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review 2013-11-04 14:13
Too Many Fairy Princes by Alex Beecroft
Too Many Fairy Princes - Alex Beecroft

This review can be found at The Blog of Sid Love.

This was a fascinating tale about Joel, a struggling artist who’s been forced to pick up the pieces of his boss’s financial problems, and Kjartan, an elven prince fleeing to Earth to save his life. When Joel finds Kjartan injured and unconscious near his home, he takes Kjartan in and cares for him. That is until Kjartan awakens and almost kills Joel for touching him. What follows is a slow-forming fondness between a haughty elven prince and a kind-hearted human while they try to stay alive fighting against a very deadly loan shark and Kjartan’s crazy brother who fancies assassinations.

It was hard for me to finally immerse myself in this story. One reason for that is because of Kjartan. I didn’t really like him in the beginning. He’s a pompous, arrogant prince that has no concept of what is considered grotesque or wrong. He creates disturbing creatures that have no right to be made. As the story progresses, though, you realize who Kjartan is in Vagar, is just a facade. More than anything he wants to be loved and cherished and that’s exactly what Joel gives him without demanding anything in return.

From the beginning Joel is a sweet, kind man. You might see him as naive and innocent but, in fact, he’s experienced how horrible people can be but doesn’t let that get him down. He’s strong and sincere but knows wrong from right and refuses to just sit back and let something wrong happen when he knows he can change it. I LOVED Joel but more than anything I loved what Joel does to Kjartan. He makes the usually conceited prince mellow and opened Kjartan’s eyes to what love is. It’s sweet in a way but also interesting to see the transformation that Kjartan goes through just by being around Joel for a short time. It’s lovely and made me eventually love Kjartan, too!

One thing this story has, that I wasn’t expecting, was action. When Kjartan fled Vagar, it meant his brother, Tyrnir, would eventually find him and try to assassinate him to become King. While Kjartan doesn’t want to be King, he also doesn’t want to die, which is why he flees for his life. I liked the mix of Kjartan’s problems and Joel’s problems and how they eventually merge. More than that, I liked Kjartan’s world and how unique and gruesome it is. It’s vastly different than Earth, made up of a kingdom that values emotionless and cold-hearted beings. It’s repulsive and disgusting but at the same time fascinating to experience Vagar and the creatures that inhabit it.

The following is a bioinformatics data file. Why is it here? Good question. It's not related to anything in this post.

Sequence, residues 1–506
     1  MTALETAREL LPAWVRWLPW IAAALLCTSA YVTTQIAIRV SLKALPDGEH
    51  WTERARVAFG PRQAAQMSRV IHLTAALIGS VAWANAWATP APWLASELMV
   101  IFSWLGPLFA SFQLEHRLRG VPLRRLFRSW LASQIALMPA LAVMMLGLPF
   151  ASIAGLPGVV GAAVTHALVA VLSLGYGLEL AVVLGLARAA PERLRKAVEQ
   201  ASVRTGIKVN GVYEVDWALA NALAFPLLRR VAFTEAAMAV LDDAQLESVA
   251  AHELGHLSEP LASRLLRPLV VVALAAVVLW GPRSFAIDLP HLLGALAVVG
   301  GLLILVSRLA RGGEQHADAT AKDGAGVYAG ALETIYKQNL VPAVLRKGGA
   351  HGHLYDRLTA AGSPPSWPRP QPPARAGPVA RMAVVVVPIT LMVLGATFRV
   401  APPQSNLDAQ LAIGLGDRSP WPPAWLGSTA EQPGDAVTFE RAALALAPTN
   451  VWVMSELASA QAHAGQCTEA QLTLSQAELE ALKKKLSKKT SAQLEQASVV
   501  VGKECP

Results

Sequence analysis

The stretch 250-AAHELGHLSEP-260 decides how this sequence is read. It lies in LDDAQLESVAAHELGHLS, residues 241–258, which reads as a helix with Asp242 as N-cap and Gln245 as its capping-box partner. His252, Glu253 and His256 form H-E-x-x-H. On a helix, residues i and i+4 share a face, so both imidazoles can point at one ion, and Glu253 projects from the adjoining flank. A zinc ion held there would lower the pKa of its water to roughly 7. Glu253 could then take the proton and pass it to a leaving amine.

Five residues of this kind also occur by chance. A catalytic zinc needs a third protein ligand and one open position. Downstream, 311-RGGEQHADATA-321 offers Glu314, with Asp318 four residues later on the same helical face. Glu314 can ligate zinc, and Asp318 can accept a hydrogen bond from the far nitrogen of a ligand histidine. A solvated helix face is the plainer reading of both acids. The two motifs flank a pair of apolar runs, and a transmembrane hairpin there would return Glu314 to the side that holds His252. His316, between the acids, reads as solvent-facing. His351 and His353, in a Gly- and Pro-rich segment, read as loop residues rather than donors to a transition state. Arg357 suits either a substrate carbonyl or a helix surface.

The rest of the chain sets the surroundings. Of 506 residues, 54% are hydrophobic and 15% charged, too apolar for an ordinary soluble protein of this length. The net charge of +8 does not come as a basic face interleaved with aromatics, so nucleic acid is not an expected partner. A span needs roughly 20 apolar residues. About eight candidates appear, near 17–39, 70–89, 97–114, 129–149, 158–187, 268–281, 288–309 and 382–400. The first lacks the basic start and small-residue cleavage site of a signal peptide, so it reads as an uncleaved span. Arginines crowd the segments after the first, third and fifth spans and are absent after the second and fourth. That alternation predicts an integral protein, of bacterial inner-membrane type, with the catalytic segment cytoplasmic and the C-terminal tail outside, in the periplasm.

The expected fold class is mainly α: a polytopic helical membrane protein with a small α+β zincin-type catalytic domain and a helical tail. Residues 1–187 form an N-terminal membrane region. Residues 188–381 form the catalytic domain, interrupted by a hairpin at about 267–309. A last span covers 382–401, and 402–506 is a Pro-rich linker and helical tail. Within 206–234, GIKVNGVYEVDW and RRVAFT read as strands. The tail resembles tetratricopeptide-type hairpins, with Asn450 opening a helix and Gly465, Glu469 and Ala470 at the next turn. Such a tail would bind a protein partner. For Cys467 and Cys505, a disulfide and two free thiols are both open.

There were a few issues I had with this story. My main issue being how much I struggled to get into it in the beginning. It took about a third of the story for me to really get invested. There were also times when there was too much purple prose for my taste to the point that I would get confused at what was trying to be conveyed. More than once, I was left scratching my head at what I just read. Then again, that could just be because Kjartan has a very regal upbringing that confused me at times. I’m not quite sure. Either way, it still left me wondering what in the world was trying to be said.

All in all, I enjoyed the book once I got into it. I liked the world Ms. Beecroft created and how detailed it was. The characters were fascinating and had multiple layers to them that gave them a great amount of depth. The conflicts provided enough action and suspense to keep me reading and overall, the story was a delight to read. Definitely recommended for those who are fantasy fans who adore The Prince and the Pauper type stories.

Source: www.goodreads.com/review/show/715457377
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